Unlike D&D, everything in Pathfinder happens in the same setting. Every novel or short story someone writes and officially publishes is part of that world. The dozens of books and adventure modules are all part of it.
DMing has just seemed daunting. Period.
But I’m ready to give it a try, but with a small caveat. As I’m between books and taking a bit of a break, I’m going to work on whipping up a mini-campaign to run with my usual group. I really, really loved the Distant Worlds campaign setting that Paizo published a while back, so I wanted to do something with it.
It was actually the first of the Pathfinder books I ever purchased, because it just seemed so interesting to me. The premise of the book is, yes, there is the main earth-like world (Golarion) where all the usual stuff happens, but guess what? There are another 9 planets in this solar system loaded with ancient mysteries, aliens, and evils.
One of the worlds in particular, Aballon is the focus of my mini-campaign. It’s a Mercury like world, extremely close to the system star. But it’s populated by a race of intelligent machines left there for unknown reasons. The machines, solar powered, toil away on the surface, mining resources and building and rebuilding themselves. The planet also features deep wells of ice that are shaded from the sunlight and support limited organic life. The largest of the wells features an archway that is actually a portal of some sort. And it has brought dozens of people from the main world for also unknown reasons.
So, there’s this barely surviving town, Horsethroat, in the pit of this frozen jungle where these people are trying to survive. And only one of them, a wizard of some power, is capable of using powerful enough magic to explore the surface safely and to communicate with the machines. Some in the town suspect he’s responsible for them ending up in this frozen hell hole. Others thing he’s just a puppet of a greater power. And a few more believe themselves to be chosen to live in this refuge while the world they came from is destroyed by wrathful gods.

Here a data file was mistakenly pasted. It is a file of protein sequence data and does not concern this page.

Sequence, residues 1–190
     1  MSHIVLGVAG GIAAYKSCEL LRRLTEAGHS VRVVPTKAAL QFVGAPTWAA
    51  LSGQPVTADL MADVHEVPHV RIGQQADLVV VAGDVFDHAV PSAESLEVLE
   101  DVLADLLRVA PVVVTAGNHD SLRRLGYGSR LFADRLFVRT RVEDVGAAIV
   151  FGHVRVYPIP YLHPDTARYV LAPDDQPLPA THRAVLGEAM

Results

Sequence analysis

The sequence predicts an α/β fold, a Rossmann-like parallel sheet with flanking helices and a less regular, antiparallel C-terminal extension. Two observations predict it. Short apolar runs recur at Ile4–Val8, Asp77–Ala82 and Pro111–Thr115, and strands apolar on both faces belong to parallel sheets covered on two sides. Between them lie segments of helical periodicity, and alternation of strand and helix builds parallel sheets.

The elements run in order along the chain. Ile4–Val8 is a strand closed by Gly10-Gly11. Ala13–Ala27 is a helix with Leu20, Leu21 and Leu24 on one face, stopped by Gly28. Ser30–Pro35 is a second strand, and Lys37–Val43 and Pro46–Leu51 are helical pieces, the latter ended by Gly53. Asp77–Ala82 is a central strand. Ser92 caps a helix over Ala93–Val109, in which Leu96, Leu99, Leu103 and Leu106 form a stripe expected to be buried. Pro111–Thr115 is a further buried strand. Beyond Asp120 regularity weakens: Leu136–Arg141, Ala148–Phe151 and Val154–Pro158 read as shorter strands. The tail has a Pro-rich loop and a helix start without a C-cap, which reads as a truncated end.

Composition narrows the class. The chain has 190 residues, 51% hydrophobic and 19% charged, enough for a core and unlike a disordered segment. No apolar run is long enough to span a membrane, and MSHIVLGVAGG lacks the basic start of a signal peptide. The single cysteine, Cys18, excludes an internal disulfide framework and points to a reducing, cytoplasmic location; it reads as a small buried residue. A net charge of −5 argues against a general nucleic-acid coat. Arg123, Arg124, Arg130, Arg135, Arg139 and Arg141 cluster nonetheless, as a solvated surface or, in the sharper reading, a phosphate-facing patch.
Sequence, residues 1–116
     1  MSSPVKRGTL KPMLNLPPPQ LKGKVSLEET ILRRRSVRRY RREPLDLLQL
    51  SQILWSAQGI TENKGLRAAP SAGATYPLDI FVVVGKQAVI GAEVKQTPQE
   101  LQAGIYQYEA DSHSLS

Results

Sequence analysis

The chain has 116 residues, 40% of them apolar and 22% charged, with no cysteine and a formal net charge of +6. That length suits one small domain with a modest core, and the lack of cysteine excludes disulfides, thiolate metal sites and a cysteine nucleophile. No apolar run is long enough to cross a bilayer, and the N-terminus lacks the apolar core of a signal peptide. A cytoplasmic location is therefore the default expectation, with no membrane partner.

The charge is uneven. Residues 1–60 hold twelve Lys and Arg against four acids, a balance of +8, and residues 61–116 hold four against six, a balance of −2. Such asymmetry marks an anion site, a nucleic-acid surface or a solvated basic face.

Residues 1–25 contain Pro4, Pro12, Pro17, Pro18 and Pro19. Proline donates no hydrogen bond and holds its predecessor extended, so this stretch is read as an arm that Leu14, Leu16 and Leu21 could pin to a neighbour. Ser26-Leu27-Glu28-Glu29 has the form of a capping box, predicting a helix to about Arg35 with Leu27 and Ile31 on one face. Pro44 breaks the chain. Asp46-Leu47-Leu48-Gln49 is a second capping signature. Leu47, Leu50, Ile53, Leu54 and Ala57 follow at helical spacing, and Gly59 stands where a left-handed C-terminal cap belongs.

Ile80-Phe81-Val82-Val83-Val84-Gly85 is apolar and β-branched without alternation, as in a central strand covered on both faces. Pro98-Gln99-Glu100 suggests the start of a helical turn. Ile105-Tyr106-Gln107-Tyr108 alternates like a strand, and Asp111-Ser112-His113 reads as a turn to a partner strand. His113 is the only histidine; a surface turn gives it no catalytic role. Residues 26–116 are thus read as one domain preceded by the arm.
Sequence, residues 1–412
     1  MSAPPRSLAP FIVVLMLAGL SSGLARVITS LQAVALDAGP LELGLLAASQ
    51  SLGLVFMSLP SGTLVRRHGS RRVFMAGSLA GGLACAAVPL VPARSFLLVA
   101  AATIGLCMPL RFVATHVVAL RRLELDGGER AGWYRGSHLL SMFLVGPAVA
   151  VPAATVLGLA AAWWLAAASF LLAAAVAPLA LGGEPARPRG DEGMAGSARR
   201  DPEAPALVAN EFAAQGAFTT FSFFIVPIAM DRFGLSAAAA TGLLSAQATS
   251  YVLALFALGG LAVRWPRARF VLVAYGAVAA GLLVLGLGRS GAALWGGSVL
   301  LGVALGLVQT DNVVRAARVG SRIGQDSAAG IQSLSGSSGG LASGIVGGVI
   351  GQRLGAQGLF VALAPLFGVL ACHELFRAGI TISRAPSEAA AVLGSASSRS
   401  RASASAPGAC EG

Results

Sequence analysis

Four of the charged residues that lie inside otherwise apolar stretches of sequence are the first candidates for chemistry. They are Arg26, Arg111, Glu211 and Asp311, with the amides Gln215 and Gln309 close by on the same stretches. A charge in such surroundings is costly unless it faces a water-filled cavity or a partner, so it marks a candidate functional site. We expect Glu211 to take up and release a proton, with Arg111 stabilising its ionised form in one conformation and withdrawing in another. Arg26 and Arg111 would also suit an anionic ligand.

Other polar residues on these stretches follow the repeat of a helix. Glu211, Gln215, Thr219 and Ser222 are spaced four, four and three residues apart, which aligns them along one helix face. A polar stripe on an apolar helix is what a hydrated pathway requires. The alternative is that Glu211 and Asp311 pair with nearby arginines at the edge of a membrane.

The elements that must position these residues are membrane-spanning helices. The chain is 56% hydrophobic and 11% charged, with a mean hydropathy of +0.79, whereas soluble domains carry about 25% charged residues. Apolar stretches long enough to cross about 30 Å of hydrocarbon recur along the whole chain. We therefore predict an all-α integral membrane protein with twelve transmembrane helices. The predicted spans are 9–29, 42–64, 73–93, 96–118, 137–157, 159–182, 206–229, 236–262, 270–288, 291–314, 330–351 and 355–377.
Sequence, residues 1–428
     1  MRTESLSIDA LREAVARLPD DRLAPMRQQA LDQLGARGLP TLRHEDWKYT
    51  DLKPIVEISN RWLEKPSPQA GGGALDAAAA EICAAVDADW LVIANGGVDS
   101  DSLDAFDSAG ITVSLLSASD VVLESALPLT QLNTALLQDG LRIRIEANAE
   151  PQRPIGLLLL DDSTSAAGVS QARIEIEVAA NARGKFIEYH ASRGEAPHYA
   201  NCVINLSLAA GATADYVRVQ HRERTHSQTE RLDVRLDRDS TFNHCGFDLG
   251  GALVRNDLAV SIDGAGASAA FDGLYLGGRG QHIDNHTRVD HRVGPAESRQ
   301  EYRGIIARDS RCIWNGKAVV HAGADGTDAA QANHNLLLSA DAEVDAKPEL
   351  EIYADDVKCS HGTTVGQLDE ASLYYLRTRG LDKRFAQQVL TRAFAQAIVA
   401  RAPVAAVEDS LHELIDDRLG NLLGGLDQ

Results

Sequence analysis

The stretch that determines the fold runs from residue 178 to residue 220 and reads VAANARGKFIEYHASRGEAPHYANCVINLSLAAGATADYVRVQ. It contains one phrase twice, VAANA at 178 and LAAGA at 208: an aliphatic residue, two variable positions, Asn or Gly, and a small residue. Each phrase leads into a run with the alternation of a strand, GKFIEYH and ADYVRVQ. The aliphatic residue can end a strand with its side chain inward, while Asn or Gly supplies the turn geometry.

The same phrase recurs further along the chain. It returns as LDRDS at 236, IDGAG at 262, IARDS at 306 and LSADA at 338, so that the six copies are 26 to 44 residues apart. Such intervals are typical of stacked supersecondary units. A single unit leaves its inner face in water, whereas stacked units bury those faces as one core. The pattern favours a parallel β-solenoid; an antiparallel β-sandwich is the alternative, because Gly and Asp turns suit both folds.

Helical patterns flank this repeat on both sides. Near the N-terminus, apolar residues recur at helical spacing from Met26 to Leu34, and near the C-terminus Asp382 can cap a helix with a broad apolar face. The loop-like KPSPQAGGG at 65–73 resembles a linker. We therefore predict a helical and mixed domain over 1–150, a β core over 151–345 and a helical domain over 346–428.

It’s a great little setting and it’s easy enough to drag PCs into it. I’ve been working on it on and off, developing situations and NPCs. I intend for it to be a fairly low-level affair, which is hard to do when you need to be like 9th level just to cast the magic you would need to not flash fry and/or suffocate on the surface of the planet.
I also have a few things in mind that can act as bridges to more adventures if my group enjoys the experience. I can even tie it into Iron Gods (an adventure path dealing with ancient, but highly-advanced technology).
So far, the biggest problem has been limiting the scope of what I want to do. There are so many mysteries in this solar system and even though I can devise scenarios and shocking explanations for how they came to be, I can’t just give those to my players. That would basically be just fan fiction. Instead, I need to just keep a basic framework in mind and flesh out the areas Paizo hasn’t really gotten to. But even then, I have to write the adventure so my players just get a potato chip at a time, so they’ll always be wanting more. If I hand them the bag, they’ll be sick of chips for a long time after.